Psalm 27:5 ESV – For he will hide me in his shelter in the day of trouble; he will conceal me under the cover of his tent; he will lift me high upon a rock.

Psalm 46:1 ESV –  God is our refuge and strength, a very present help in trouble.

Believers in Messiah wrote of the same confidence in God:

Ph’p 4:6 Be anxious about nothing, but in everything, by prayer and supplication with thanksgiving, let your requests be made known to God.

1 Pet 5:7 Cast all your anxiety on Him, because He cares for you.

All of these are admonitions to not be anxious about what hasn’t happened yet; let the future carry its own anxieties. If we continue to be anxious about every aspect of our life, can we, as believers, truly be considered to be trusting God? If we are trusting him, aren’t we trusting him for everything?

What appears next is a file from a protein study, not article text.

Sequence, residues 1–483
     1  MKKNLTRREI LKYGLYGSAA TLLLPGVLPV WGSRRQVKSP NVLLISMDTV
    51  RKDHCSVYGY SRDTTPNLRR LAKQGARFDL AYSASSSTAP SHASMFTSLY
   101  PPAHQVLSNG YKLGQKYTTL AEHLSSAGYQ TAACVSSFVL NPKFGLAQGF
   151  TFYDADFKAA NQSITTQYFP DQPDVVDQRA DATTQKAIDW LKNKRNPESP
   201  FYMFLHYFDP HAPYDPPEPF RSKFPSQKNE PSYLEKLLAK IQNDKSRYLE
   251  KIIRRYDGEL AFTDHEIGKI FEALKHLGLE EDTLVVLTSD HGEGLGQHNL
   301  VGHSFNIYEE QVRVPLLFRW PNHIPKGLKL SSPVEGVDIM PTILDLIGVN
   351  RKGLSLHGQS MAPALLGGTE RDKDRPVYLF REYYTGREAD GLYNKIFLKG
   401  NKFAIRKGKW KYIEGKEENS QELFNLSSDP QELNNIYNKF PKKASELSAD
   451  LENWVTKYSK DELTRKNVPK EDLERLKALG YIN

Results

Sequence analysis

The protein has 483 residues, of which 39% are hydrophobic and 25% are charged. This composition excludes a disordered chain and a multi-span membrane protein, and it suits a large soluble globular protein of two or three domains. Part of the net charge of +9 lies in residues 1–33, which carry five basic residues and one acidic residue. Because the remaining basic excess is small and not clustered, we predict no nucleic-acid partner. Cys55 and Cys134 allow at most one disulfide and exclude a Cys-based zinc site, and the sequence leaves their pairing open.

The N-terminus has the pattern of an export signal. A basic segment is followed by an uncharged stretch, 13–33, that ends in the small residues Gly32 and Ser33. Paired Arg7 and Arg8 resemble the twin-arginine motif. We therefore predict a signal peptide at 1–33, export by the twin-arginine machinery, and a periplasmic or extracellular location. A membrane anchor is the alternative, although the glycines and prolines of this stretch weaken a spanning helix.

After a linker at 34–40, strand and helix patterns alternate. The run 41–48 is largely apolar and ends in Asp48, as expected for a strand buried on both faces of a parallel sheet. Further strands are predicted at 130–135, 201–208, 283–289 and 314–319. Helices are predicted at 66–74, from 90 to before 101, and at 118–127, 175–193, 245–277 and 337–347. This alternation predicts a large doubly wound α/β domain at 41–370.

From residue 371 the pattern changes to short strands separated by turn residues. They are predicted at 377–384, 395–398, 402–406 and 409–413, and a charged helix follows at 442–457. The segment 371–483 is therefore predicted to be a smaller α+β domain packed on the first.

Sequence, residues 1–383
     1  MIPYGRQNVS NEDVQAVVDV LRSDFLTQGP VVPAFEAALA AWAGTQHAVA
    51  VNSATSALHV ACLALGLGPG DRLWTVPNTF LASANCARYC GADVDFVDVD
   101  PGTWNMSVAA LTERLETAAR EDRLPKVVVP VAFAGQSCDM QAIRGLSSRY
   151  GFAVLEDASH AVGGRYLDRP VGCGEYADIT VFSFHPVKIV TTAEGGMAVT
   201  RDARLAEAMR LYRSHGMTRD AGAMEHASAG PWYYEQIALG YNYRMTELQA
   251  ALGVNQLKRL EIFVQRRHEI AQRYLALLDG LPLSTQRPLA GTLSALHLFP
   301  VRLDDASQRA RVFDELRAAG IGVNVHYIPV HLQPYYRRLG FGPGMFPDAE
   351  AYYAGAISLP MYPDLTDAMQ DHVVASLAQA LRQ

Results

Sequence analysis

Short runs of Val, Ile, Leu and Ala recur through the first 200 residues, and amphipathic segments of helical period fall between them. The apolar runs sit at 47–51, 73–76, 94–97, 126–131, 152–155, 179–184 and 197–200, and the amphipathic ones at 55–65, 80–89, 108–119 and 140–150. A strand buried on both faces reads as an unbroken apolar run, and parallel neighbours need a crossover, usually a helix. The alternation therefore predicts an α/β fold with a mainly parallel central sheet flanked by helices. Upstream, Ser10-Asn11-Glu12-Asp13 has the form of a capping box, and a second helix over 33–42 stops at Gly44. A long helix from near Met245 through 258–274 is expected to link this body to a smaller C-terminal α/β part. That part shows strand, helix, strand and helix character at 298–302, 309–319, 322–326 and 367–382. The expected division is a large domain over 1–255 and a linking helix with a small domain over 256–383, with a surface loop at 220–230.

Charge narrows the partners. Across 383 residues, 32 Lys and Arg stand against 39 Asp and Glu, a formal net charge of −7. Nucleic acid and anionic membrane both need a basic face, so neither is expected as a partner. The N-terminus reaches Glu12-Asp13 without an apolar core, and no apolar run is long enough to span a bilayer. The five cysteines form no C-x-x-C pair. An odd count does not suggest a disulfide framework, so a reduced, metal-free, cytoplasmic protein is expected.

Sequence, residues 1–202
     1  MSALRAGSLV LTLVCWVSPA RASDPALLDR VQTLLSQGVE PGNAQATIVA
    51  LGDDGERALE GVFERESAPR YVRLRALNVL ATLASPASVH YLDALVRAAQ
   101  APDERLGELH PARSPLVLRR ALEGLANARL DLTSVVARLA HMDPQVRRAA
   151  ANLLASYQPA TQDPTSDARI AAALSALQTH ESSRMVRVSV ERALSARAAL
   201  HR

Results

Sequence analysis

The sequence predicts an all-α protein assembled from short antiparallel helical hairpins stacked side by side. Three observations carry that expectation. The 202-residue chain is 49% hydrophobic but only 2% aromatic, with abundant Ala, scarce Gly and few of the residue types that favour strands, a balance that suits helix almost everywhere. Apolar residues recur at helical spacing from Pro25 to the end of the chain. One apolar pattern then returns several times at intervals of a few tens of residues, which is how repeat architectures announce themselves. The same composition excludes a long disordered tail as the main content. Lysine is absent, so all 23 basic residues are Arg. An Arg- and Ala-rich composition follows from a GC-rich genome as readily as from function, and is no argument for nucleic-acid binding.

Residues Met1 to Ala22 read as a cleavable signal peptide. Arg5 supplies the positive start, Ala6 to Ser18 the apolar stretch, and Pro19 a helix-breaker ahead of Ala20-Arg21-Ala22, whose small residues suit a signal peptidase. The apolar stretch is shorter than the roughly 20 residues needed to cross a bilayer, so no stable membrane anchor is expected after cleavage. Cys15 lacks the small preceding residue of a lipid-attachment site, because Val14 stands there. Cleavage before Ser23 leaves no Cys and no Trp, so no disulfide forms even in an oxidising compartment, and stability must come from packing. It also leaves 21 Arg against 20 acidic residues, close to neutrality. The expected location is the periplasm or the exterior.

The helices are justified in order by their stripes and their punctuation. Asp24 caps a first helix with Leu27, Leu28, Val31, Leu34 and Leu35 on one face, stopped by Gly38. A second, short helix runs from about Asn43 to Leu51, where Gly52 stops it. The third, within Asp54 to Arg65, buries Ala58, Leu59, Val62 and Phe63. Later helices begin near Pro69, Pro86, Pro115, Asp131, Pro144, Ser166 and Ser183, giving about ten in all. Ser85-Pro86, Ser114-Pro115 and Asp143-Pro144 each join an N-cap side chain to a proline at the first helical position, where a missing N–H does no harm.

Yet we continue to have anxiety over so much in this life that has no value, and is really unnecessary in our lives. 

In the overall passage of Matthew 6:25-34, if the essential things like food, drink, and clothing are not worth worrying about, what are we currently so focused on that can surpass these basic necessities? Notice, there is no promise of shelter, fancy cars or successful businesses. Life is more than all these things, and they can distract us from what is really important.

According to Yeshua, if we are seeking first the kingdom above the cares of the basic necessities of food, drink, and clothing, we are exhibiting trust in God that he will provide these basic things while we are focused on the more essential realities. In his Providence and timing God can certainly provide those homes and cars and businesses, and it’s not wrong to prepare those things in your life. But we have to remember God is not obligated to make us successful in the world’s eyes, and we need to keep our primary focus on his purposes and kingdom.